Objective: To examine changes in breast-feeding take-up rates among young children in Scotland and to assess whether maternal education or occupation-based social class is a stronger and better predictor of breast-feeding take-up.
Design: Binary logistic regression models were developed from the first sweep of the Growing Up in Scotland longitudinal survey, for the two cohorts of children.
Setting: A national representative survey for Scotland.
Subjects: A baby cohort of 5012 singletons born over a 12-month period between June 2004 and May 2005, and a toddler cohort of 2732 singletons born over a 12-month period between June 2002 and May 2003.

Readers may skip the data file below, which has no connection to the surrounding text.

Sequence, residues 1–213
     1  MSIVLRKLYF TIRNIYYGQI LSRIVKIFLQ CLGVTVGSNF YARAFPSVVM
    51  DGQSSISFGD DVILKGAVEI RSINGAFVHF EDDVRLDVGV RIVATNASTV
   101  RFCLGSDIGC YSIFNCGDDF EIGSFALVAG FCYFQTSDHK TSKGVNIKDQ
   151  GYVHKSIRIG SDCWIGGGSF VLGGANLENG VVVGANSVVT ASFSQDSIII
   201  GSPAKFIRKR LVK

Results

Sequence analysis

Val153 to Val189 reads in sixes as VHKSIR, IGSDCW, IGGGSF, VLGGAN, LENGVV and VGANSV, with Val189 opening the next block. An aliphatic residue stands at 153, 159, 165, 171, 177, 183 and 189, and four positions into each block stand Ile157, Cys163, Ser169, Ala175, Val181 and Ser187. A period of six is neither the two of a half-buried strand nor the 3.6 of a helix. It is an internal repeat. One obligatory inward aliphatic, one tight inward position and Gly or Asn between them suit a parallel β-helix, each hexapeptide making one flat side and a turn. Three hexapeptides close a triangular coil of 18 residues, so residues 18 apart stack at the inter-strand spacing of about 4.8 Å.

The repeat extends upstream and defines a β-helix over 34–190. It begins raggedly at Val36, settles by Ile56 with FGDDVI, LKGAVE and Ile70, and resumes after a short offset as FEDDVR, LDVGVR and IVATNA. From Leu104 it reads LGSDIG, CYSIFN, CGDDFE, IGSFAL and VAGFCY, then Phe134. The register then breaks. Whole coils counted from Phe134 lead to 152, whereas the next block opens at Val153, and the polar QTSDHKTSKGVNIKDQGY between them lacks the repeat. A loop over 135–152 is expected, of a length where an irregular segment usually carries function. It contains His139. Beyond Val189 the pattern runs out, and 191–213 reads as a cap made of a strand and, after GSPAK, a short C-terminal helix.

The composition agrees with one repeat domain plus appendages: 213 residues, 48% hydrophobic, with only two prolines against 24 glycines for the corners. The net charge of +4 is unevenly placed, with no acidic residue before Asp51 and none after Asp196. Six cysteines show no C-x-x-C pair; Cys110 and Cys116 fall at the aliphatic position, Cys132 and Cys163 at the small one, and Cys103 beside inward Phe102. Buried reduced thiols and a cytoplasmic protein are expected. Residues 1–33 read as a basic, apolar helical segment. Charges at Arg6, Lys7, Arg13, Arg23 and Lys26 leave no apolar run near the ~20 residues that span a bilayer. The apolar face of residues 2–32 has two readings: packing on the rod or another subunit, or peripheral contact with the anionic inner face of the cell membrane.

Results: Mothers from more privileged social classes and those with more educational qualifications resulted as more likely to breast-feed. However, maternal education was a better and more robust predictor of breast-feeding take-up compared with social class. There were no significant differences in breast-feeding take-up between the two cohorts and only minor differences between mothers aged 20-29 years and those who stated an intention to bottle-feed prior to birth.
Conclusions: The study suggests that the importance of maternal education in influencing breast-feeding has been somewhat overlooked in research based in more developed countries. The results indicate that, compared with occupation-related social class, maternal education is a more informative, accurate and useful lens through which to understand and explain patterns of breast-feeding take-up.